NASA 50th Anniversary Gala Notes

Editor's note: Interesting how NASA keeps saying that this is not a NASA event, yet the webcast was announced as "NASA's 50th Anniversary gala". Then NASM Director Jack Dailey mentioned the fact that "your" event was being held at the location because of the relationship between "NASA and the Smithsonian". No one from the AIAA has spoken yet. Instead, David Mould, NASA AA for Public Affairs is the master of ceremonies. Leon Harris then took the stage and thanked "the men and women of NASA". Still no mention of AIAA. Now a message from the ISS. All about NASA. No thank you to the AIAA.

Ah, now the AIAA finally speaks 10 minutes into the program.

John Glenn: "NASA - Happy Birthday - no one has said that yet tonight." Many of us pre-date NASA from the NACA days. Speaking of the way that NACA became NASA and how investments in basic R&D helped make America a leader in technology.

Talked about development of space station. Talking about uses of ISS for basic and applied research. In January 2004 President directed a new mission for NASA to go to the Moon and Mars. I thought it was great except for one thing - the money did not follow. Mike Griffin was given an impossible task and he had to cut research. We now have a ISS that is about to be completed - with about $100 billion spent - but we are not using it because we do not have the money.

Spaceflight has 2 purposes - macro- and micro- research and they should go hand in hand Macro research is about exploration, going to different places. Micro research is equally important. We are having to cut our own transport to the ISS after we retire the shuttle. Sounds gloomy but I am an optimist about getting more money so as to restore a balance.

Neil Armstrong: Also talked about history of NACA and NASA. One of the most important roles of government is to motivate its citizen - especially young people so that they can contribute to societal progress. NASA will rank in the top tier of government enterprises in that regard. Our highest hope is that the human race will improve character, intelligence, and wisdom so as to chose among options that it will encounter in the years ahead.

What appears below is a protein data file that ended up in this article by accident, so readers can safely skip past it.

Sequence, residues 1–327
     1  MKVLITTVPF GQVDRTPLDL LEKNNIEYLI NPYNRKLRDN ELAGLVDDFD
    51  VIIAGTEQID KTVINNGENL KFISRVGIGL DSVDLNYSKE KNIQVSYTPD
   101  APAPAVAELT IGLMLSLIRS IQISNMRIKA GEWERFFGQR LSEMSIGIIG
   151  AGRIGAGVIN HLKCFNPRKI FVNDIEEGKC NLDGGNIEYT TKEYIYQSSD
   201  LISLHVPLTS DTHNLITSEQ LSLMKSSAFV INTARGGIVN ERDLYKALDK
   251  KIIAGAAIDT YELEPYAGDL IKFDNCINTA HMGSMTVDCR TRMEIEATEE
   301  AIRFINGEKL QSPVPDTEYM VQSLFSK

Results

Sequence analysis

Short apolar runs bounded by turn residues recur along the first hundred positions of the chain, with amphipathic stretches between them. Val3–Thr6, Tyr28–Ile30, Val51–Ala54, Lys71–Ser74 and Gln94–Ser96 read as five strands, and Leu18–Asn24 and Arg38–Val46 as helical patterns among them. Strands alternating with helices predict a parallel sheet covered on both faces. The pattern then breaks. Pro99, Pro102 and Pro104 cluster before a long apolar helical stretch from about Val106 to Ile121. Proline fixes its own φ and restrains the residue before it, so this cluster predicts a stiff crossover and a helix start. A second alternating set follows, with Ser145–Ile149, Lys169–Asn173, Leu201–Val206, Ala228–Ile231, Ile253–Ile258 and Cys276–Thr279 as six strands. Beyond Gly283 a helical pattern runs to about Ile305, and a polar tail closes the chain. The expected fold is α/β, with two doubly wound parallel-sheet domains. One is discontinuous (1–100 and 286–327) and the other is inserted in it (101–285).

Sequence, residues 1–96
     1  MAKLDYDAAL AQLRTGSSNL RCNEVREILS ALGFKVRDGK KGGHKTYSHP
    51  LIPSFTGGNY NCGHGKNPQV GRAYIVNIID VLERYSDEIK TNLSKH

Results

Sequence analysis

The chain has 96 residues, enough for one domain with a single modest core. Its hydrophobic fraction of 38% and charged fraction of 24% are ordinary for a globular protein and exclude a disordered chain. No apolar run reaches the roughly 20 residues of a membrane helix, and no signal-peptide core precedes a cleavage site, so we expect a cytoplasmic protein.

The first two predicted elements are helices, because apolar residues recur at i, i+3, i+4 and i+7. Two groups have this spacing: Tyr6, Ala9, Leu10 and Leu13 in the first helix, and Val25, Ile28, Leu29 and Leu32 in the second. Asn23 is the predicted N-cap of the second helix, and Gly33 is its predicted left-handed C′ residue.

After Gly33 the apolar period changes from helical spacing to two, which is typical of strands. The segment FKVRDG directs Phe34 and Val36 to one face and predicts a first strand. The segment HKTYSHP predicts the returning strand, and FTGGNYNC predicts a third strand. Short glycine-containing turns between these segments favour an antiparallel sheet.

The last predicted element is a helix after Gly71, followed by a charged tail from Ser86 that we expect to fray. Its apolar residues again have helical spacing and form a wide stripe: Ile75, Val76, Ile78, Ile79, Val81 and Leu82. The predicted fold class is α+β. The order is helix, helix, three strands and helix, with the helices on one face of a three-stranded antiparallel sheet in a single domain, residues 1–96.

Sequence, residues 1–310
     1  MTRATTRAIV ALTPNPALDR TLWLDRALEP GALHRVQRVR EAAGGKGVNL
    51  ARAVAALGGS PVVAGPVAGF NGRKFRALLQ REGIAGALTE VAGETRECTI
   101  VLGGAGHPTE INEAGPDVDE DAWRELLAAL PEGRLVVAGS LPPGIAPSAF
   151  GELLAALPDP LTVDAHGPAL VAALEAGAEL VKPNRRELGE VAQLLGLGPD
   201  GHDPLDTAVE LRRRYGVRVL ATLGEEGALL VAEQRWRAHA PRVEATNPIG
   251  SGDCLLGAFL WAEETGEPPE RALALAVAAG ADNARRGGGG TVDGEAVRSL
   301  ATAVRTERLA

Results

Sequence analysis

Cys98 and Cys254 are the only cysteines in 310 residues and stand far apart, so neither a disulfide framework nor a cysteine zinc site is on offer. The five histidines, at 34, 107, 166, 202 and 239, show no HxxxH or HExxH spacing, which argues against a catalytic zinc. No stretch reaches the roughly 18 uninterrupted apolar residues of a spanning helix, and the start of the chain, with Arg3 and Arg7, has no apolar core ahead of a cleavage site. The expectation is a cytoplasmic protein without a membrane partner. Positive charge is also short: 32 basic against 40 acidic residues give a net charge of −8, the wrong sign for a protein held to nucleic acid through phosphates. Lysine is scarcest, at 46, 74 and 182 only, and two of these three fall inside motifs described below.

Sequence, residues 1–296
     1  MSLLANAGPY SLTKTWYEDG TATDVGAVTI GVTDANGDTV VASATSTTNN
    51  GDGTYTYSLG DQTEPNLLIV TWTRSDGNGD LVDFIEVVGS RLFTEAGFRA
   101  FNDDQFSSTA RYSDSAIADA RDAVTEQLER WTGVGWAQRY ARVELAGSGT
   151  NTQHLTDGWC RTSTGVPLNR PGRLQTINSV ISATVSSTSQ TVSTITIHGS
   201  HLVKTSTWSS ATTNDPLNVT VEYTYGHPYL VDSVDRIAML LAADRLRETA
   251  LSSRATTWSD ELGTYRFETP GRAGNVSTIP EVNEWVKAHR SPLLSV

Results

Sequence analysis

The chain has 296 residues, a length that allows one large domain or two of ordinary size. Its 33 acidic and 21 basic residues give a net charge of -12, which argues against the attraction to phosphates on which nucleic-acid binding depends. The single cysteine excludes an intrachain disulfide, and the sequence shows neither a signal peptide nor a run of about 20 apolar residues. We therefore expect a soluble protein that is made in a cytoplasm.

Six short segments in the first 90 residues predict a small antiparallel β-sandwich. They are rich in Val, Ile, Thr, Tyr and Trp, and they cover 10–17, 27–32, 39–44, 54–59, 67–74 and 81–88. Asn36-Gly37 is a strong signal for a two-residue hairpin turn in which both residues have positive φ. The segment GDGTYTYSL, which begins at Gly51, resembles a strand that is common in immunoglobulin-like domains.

Mike Griffin: We can't spend public funds on this kind of activity. Money comes from our industrial base. Event orchestrated by AIAA. I am recused from dealing with AIAA while I am Administrator so my Deputy Shana Dale made all of the difficult decisions.

I am doing the job I aspired to hold when I was a child. It is a thrill for me to be leading the agency today despite the trials and tribulations it takes. Oh yes, it is John Young's birthday is today. I like to say that John Young befriended me before I was anybody.

NASA is doing well today. We are completing ISS today. When completed it will be an engineering accomplishment beyond anything every achieved by the human race. We just landed something on Mars- and still have two rovers running around on Mars. Dawn is on its way to asteroids. New Horizons is on its way to Pluto, MESSENGER is on its way to Mercury. STEREO is on their way to image the sun. We are being observed by more Earth satellites than I care to count.

There are lessons from today about when we lose that focus. As you walk out of this museum - look at the SR-71. We do not have one of those any more. My tie shows an astronaut flying in a MMU, and an Apollo spacecraft. We do not have them any more either. There is nothing odd about looking at old hardware in museums. What looks easy to us today was not easy the first time it had to be done.

But only in American aerospace can we go to a museum and look at certain artifacts and wish that we could do as well today. That should sober all of us here.

Next week the Chinese will outnumber the number of Americans an Russians in space - separately or together. Good on the Chinese.

I am awaiting congressional approval of a waiver to let me buy seats on Soyuz.

I took over NASA at the best of times and worst of times at NASA. It was the best of times because change can be made. On our 50th anniversary we are not celebrating the 20th anniversary of our first landing on Mars- - but we could have been. In the next 50 years I hope we can understand why this did not happen and then look back and say "isn't it great to have a base on Mars."

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This page contains a single entry by Keith Cowing published on September 24, 2008 9:00 PM.

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